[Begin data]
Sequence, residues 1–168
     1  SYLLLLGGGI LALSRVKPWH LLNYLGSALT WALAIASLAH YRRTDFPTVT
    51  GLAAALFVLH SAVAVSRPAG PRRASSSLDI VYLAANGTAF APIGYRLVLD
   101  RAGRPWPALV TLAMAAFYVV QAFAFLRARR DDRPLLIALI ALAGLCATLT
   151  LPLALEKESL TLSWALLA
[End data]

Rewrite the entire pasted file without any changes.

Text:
Sequence, residues 1–168
     1  SYLLLLGGGI LALSRVKPWH LLNYLGSALT WALAIASLAH YRRTDFPTVT
    51  GLAAALFVLH SAVAVSRPAG PRRASSSLDI VYLAANGTAF APIGYRLVLD
   101  RAGRPWPALV TLAMAAFYVV QAFAFLRARR DDRPLLIALI ALAGLCATLT
   151  LPLALEKESL TLSWALLA